[CrossRef]

K. Kneipp, Y. Wang, H. Kneipp, L. T. Perelman, I. Itzkan, R. R. Dasari, and M. S. Feld, “Single molecule detection using surface-enhanced Raman scattering (SERS),” Phys. Rev. Lett. 78(9), 1667–1670 (1997).
[CrossRef]

Lakowicz, J. R.

J. R. Lakowicz, “Radiative decay engineering 5: metal-enhanced fluorescence and plasmon emission,” Anal. Biochem. 337(2), 171–194 (2005).
[CrossRef] [PubMed]

Lane, S. M.

C. E. Talley, J. B. Jackson, C. Oubre, N. K. Grady, C. W. Hollars, S. M. Lane, T. R. Huser, P. Nordlander, and N. J. Halas, “Surface-enhanced Raman scattering from individual au nanoparticles and nanoparticle dimer substrates,” Nano Lett. 5(8), 1569–1574 (2005).
[CrossRef] [PubMed]

Langguth, L.

N. Liu, L. Langguth, T. Weiss, J. Kästel, M. Fleischhauer, T. Pfau, and H. Giessen, “Plasmonic analogue of electromagnetically induced transparency at the Drude damping limit,” Nat. Mater. 8(9), 758–762 (2009).
[CrossRef] [PubMed]

Lassiter, J. B.

S. Mukherjee, H. Sobhani, J. B. Lassiter, R. Bardhan, P. Nordlander, and N. J. Halas, “Fanoshells: nanoparticles with built-in Fano resonances,” Nano Lett. 10(7), 2694–2701 (2010).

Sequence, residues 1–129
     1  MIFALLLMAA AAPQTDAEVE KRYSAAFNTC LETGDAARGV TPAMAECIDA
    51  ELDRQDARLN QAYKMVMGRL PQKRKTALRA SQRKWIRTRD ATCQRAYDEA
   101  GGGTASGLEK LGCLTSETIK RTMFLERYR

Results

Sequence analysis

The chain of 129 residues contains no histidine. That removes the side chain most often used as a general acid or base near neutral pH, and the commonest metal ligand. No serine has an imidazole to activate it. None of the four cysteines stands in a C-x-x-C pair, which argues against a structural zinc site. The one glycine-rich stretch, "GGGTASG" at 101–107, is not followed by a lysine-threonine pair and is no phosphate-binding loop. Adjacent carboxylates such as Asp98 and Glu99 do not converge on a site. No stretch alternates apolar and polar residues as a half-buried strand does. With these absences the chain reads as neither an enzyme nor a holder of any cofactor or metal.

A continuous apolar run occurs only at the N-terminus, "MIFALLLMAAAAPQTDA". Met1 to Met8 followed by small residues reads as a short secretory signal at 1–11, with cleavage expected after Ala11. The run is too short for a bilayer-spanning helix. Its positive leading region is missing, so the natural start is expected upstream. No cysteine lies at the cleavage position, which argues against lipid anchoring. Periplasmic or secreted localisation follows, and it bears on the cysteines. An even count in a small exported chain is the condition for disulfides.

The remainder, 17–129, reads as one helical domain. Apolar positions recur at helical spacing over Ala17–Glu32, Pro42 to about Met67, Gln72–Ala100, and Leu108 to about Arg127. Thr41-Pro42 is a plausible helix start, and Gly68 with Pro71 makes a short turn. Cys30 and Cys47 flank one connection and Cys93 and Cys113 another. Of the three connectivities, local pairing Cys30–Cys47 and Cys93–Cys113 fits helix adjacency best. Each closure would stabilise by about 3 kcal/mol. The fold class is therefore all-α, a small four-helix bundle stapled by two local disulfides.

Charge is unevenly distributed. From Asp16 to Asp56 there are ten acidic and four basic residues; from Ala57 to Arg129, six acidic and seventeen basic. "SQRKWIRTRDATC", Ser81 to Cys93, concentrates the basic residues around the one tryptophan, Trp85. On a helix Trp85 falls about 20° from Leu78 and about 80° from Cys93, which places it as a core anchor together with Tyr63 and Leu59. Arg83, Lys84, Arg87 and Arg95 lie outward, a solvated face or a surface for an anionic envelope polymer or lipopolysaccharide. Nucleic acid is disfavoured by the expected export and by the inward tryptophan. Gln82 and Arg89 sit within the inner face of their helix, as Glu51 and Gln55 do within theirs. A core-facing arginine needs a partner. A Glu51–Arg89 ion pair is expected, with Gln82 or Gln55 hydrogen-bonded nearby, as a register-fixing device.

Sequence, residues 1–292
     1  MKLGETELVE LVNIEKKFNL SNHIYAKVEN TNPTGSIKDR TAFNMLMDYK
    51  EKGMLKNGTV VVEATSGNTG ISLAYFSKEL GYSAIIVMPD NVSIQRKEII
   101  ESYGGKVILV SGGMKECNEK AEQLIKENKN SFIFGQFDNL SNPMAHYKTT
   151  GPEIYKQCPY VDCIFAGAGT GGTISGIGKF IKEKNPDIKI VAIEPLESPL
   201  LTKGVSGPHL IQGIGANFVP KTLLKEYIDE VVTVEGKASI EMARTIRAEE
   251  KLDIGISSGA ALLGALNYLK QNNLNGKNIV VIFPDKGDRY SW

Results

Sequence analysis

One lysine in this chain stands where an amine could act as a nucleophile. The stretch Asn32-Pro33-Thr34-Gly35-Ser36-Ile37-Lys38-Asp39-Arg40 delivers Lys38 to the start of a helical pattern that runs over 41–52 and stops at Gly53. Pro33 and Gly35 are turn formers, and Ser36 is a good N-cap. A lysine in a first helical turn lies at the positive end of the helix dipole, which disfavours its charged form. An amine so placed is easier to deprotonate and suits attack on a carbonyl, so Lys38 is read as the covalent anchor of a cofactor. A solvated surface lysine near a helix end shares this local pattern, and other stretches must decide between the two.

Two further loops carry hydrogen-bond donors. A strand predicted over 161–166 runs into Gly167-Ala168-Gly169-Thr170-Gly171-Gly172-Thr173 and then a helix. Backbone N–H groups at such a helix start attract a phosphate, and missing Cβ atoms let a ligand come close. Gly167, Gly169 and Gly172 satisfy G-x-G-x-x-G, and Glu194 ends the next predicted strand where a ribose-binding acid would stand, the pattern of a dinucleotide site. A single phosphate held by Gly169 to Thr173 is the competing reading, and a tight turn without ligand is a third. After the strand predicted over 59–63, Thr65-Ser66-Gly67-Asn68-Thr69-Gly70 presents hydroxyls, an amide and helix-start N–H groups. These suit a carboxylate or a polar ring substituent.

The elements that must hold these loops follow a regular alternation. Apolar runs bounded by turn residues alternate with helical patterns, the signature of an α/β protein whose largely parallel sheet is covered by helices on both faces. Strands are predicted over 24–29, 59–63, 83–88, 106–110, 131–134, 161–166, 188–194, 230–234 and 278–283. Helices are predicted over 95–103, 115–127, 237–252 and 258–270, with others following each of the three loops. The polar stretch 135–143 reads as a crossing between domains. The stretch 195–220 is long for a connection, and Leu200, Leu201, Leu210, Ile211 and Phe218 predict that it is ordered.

[CrossRef] [PubMed]

Lipson, M.

Q. F. Xu, S. Sandhu, M. L. Povinelli, J. Shakya, S. H. Fan, and M. Lipson, “Experimental realization of an on-chip all-optical analogue to electromagnetically induced transparency,” Phys. Rev. Lett. 96(12), 123901 (2006).
[CrossRef] [PubMed]

Liu, M.

S. Zhang, D. A. Genov, Y. Wang, M. Liu, and X. Zhang, “Plasmon-induced transparency in metamaterials,” Phys. Rev. Lett. 101(4), 047401 (2008).
[CrossRef] [PubMed]

Liu, N.

N. Liu, L. Langguth, T. Weiss, J. Kästel, M. Fleischhauer, T. Pfau, and H. Giessen, “Plasmonic analogue of electromagnetically induced transparency at the Drude damping limit,” Nat. Mater. 8(9), 758–762 (2009).
[CrossRef] [PubMed]

Luk’yanchuk, B.

B. Luk’yanchuk, N. I. Zheludev, S. A. Maier, N. J. Halas, P. Nordlander, H. Giessen, and C. T. Chong, “The Fano resonance in plasmonic nanostructures and metamaterials,” Nat. Mater. 9(9), 707–715 (2010).
[CrossRef] [PubMed]

Ma, S. M.

Maier, S. A.

B. Luk’yanchuk, N. I. Zheludev, S. A. Maier, N. J. Halas, P. Nordlander, H. Giessen, and C. T. Chong, “The Fano resonance in plasmonic nanostructures and metamaterials,” Nat. Mater. 9(9), 707–715 (2010).
[CrossRef] [PubMed]

Martinez, M. A. G.

C. L. Garrido Alzar, M. A. G. Martinez, and P. Nussenzveig, “Classical analog of electromagnetically induced transparency,” Am. J. Phys. 70(1), 37 (2002).
[CrossRef]

Martin-Moreno, L.

I. P. Radko, S. I. Bozhevolnyi, G. Brucoli, L. Martin-Moreno, F. J. Garcia-Vidal, and A. Boltasseva, “Efficiency of local surface plasmon polariton excitation on ridges,” Phys. Rev. B 78(11), 115115 (2008).
[CrossRef]

McFarland, A. D.

A. D. McFarland, M. A. Young, J. A. Dieringer, and R. P. Van Duyne, “Wavelength-scanned surface-enhanced Raman excitation spectroscopy,” J. Phys. Chem. B 109(22), 11279–11285 (2005).
[CrossRef] [PubMed]

Mukherjee, S.